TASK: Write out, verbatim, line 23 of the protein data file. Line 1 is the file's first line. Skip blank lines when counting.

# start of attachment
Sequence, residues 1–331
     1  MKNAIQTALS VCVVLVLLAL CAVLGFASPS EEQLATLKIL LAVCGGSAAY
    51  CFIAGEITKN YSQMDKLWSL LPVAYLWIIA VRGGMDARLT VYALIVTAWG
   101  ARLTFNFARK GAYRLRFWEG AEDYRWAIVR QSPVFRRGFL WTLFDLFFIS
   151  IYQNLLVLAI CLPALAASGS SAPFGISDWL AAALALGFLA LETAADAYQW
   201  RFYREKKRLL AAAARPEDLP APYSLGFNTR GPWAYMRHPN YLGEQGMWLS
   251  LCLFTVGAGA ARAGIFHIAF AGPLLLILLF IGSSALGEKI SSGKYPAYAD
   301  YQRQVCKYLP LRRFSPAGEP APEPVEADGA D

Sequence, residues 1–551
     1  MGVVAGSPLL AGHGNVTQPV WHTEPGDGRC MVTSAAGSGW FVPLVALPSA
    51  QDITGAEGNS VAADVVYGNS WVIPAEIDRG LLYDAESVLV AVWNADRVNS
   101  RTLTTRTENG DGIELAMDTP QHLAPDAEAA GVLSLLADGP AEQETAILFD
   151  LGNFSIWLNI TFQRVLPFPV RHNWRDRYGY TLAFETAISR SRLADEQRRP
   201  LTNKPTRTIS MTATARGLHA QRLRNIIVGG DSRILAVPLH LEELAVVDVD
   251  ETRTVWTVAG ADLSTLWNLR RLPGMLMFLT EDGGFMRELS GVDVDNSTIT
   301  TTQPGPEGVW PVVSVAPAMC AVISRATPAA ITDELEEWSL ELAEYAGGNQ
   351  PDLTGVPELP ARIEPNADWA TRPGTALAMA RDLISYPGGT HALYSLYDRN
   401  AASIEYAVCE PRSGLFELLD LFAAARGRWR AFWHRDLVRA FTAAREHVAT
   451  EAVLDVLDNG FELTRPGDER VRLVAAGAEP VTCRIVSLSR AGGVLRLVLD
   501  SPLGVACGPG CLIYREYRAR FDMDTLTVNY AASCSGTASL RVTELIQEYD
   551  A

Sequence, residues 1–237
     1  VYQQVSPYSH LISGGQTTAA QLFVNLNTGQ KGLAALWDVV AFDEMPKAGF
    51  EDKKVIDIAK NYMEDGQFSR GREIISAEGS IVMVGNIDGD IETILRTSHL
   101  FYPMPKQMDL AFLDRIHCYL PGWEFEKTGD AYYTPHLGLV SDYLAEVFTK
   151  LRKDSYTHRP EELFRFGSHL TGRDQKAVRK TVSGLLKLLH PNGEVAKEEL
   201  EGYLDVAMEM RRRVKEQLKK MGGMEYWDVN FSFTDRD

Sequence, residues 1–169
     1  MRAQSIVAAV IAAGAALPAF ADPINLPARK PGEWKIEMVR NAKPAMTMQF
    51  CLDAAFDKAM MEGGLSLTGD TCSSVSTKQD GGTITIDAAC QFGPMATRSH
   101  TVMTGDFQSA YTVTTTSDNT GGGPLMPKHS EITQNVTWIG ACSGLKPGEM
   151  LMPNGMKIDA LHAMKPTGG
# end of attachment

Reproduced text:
     1  VYQQVSPYSH LISGGQTTAA QLFVNLNTGQ KGLAALWDVV AFDEMPKAGF